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The end of the petroleum age (Heinberg on ABC-Australia) (video and transcript)
Kerry O’Brien, The 7:30 Report, Australian Broadcasting Company
Richard Heinberg, what are the forces at work behind the Saudi decision to call the OPEC meeting, and what is the likely impact?
RICHARD HEINBERG, GLOBAL OIL EXPERT: Well, I think the Saudis are genuinely concerned about the economic impact of high oil prices. I think when prices were back in the range of $80 to $100 a barrel and the producers were very happy because they were earning lots of extra income. But now, with prices hovering up around $135 to $140 dollars a barrel, it’s clear that this is having really serious effects on, for example, the airline industry, which is really not prepared even to exist with oil at these prices. And we’re going to see a major consolidation of the world airline industry as a result of this. It’s also having impacts on trucking and many independent truckers in the United States for example are going bankrupt with high diesel prices. So, this is a level of impact that could proverbially kill the goose that’s laying the golden egg for the oil exporting countries. They don’t want to see that happen and that’s why they’re calling this meeting.
KERRY O’BRIEN: How big a boost in production will it take to force a significant and sustained drop in the price of oil?
RICHARD HEINBERG: Well, we would be needing something on the order of several million barrels of oil a day of new production in order to significantly lower the price. No one seriously thinks that that level of new production is in the cards or is available.
… KERRY O’BRIEN: So, when Saudi’s and other oil suppliers blame speculators for the high price of oil, are they right?
RICHARD HEINBERG: I think speculation is playing a fairly minor role in what we’re seeing. After all, why would one choose to park one’s investments in oil futures contracts unless there were signs that supply was not going to meet demand? In effect, it’s the fundamentals that are driving this speculation. Now, it’s possible that we could see volatility in the price to the point that the price could fall back to perhaps even $110 a barrel. I think it’s extremely unlikely that it would fall less than that because if that were to happen, a lot of producers who are now producing very expensive oil because of the high prices that otherwise wouldn’t be produced. They’ve reopened old oil wells that didn’t used to be economical. Well, if the oil price falls very much, they’re going to close those questionable wells back down again, then supply will again fall and then that will push the price right back up again. So, while we may see considerable volatility in the price as a result of this speculation, over the long run, the price has no way to go but up.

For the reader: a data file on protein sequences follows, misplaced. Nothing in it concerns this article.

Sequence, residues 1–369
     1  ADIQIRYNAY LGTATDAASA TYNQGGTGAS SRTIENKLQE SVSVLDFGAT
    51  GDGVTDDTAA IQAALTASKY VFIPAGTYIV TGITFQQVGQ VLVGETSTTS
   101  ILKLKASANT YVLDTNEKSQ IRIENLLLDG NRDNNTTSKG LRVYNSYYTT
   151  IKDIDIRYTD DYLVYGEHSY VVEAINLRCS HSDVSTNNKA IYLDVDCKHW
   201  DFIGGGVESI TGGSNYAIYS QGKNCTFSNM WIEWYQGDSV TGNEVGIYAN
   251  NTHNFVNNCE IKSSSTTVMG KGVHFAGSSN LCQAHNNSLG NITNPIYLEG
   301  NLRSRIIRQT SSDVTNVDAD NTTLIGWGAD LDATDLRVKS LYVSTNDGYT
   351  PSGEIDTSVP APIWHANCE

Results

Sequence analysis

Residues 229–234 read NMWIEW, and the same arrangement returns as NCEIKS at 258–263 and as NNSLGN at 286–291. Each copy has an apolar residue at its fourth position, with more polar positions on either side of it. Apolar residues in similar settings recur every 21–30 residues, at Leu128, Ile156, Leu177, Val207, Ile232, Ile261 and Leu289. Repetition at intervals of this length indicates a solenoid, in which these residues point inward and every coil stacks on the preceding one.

(19 June 2008)
At The Oil Drum/ANZ, Phil Hart writes:
It might be too little, too late, but this is some of the hardest hitting journalism we’ve seen on petrol prices. Kerry O’Brien at the ABC 7:30 Report is clearly no peak oil sceptic.
Monday night he put Kevin Rudd in the hot seat on petrol prices, and you got the impression that Kerry was not playing by the rules of engagement anymore. In that interview, he invoked Richard Heinberg, then on Thursday night he interviewed Heinberg himself.
Submission to the Select Committee of the Legislative Council on the
Impact of Peak Oil in South Australia. (PDF)
Michael Lardelli, Beyond Oil – South Australia
… In the short time, if any, remaining to us before a major oil price/supply crisis hits Adelaide I would ask the committee to consider what it means for our community to be resilient in the face of this stress and what we should, and should not do, in order to increase this resilience.
To understand the resilience of a community or population faced with change in resource availability we need to understand Liebig’s Law of the Minimum – that growth is controlled not by the total of resources available, but by the scarcest resource. This means that a community can only be resilient when supplies of the resources and services required for its functioning/survival are at levels well above the minimum needed. This ensures the existence of a buffer of reserve capacity upon which the community can fall back.